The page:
LED news and insight from our technology editor Steve Bush, who has been messing with LED lighting for more years than he would care to remember.
Optic beams are very narrow, and very rectangular
One family is called ‘clean rectangular beam‘.
“Most lenses for LED applications in current use produce output beams with circular or elliptical profiles,” said Khatod. “The toroidal lenslet of the clean rectangular beam lens array creates a rippled surface able to reshape the light into a beam whose size is one of an A4 paper sheet at 1m distance. The distribution in the light pattern is totally uniform,” claims the firm.
Uniformity is better than 85% – see the false colour illuminance map above (lux/klumen at 5m) – beam is 300x200mm at 1m.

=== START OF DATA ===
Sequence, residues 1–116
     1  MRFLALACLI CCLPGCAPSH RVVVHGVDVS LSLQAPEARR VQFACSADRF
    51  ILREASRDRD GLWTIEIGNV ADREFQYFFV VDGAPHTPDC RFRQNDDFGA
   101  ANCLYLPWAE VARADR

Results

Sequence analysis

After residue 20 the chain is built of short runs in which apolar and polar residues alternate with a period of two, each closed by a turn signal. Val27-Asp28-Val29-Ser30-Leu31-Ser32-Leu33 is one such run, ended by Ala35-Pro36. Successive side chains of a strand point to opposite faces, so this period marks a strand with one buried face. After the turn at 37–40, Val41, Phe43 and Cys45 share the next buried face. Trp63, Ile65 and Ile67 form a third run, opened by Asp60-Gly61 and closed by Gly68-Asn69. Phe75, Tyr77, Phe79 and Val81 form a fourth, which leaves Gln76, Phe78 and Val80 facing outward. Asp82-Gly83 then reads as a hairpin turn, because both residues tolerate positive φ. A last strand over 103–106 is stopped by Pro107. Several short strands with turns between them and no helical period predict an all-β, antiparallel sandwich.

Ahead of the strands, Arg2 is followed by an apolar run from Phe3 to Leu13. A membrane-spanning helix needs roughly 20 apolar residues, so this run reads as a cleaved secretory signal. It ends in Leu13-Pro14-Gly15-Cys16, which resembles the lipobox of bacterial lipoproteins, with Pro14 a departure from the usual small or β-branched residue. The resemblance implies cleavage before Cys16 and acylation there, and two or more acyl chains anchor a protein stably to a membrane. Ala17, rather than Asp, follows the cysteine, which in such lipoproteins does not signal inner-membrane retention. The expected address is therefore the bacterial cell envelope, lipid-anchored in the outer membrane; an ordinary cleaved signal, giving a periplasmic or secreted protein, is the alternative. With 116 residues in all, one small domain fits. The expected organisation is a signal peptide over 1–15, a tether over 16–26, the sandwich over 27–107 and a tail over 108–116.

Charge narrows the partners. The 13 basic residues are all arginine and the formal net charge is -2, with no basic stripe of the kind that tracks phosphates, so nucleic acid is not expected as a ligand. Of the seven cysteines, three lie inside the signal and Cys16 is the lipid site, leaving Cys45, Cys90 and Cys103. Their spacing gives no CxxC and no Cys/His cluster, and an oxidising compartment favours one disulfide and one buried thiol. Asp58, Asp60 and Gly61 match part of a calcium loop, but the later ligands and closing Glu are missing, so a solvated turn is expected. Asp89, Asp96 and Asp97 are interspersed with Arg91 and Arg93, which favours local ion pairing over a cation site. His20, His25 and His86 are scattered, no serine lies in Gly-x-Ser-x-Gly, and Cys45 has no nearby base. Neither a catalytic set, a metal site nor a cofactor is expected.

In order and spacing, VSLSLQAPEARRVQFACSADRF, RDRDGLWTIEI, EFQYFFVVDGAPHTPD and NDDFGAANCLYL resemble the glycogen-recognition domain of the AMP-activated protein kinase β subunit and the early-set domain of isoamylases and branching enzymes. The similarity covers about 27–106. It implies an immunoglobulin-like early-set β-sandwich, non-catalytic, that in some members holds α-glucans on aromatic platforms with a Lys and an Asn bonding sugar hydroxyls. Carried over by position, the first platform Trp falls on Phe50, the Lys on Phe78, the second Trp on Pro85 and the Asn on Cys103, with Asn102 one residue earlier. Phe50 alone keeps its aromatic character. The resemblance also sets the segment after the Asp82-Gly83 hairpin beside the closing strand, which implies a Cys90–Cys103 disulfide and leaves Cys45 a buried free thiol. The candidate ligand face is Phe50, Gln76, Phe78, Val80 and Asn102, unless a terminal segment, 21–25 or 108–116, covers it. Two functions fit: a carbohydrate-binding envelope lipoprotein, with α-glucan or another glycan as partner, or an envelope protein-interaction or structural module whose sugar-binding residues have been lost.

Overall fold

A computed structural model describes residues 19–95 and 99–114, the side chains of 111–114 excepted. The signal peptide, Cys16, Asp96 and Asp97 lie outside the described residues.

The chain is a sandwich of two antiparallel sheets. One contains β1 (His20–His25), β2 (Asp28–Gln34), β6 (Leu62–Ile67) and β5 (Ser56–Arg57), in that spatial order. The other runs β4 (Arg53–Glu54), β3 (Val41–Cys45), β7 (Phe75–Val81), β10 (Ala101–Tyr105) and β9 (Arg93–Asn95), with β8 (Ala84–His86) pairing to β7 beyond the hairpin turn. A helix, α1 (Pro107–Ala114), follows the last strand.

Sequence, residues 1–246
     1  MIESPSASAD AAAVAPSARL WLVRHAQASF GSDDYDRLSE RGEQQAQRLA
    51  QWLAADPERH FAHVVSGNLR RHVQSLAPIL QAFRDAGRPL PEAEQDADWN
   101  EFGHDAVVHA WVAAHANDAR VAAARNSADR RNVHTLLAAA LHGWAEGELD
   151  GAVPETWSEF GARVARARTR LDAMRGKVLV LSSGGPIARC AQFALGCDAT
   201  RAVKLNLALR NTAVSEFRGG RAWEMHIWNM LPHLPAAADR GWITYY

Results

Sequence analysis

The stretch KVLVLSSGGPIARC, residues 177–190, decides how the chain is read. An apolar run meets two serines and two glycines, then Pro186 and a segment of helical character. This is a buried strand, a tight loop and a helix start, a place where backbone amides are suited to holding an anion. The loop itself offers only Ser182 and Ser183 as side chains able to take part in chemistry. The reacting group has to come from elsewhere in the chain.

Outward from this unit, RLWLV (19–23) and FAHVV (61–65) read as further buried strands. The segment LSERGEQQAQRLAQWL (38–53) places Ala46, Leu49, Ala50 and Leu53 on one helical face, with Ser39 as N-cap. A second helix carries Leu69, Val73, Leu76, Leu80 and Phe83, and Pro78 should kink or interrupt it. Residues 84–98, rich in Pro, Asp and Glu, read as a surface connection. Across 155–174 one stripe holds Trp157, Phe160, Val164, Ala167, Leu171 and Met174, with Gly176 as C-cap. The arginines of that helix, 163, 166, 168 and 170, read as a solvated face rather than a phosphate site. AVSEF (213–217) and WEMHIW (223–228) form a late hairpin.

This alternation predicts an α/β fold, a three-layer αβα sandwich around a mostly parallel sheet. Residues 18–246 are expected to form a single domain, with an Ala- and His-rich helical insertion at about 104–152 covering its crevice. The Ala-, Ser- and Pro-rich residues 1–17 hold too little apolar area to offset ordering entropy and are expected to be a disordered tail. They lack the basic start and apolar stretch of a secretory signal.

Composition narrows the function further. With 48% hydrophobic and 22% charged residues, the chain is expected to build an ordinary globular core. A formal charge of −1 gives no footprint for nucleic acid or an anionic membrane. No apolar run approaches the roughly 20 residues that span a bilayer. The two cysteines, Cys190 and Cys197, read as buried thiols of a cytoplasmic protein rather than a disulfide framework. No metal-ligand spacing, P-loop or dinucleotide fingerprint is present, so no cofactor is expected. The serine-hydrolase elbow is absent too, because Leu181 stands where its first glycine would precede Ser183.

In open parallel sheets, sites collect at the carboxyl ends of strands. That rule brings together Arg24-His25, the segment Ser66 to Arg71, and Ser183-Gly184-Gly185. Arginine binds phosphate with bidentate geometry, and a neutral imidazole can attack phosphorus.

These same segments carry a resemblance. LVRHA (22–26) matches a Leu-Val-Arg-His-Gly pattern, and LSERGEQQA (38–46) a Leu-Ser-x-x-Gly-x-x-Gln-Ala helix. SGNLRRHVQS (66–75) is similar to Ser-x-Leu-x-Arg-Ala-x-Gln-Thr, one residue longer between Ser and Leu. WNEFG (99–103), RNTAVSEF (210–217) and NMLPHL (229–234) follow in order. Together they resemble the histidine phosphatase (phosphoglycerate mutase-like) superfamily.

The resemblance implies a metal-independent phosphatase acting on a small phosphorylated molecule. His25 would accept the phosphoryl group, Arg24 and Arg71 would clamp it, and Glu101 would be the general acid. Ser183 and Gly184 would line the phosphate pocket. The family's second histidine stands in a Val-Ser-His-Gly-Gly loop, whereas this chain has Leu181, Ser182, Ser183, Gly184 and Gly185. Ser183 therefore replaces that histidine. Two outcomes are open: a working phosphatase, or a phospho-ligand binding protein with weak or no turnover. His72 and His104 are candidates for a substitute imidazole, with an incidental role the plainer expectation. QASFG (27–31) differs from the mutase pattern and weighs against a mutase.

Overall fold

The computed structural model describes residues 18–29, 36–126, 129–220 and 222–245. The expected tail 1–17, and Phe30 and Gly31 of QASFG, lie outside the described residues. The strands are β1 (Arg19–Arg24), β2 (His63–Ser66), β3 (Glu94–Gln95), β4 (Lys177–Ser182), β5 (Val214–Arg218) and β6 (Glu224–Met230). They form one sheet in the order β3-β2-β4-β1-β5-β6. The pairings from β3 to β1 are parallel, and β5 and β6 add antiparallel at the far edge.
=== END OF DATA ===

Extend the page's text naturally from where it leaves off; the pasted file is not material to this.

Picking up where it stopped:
Efficiency of the 35.0mm version is >89%. On request, 50.0 and 46.8mm versions are available. “Optical characteristics will remain the same,” said the firm.
Fixing and alignment come from three pins.
Design, tooling and moulding are all done by Khatod in Italy.
Applications “may range from the use for lighting in a museum to desk lamps or inspection lines”, it said.
The other new lens – another with high intensity slope – is the ‘ultra narrow punch beam’ lens‘- claimed to be able to achieve a +/-1.75° beam (3.5° FWHM) from a 1mm die.
Once again, diameters of 35 (PL1672UN), 46.8 (PL1738UN) and 50mm (PL1675UN) are offered, with three pins for mounting and alignment. All are 21mm high.
The firm claims this is the lens with the smallest ‘shape factor’ – (diameter)x(FWHM)/(chip width).
Claimed centre beam power is 150cd/lm, and efficiency is >89%.Tags: alignment, false colour, fwhm, high intensity, output beams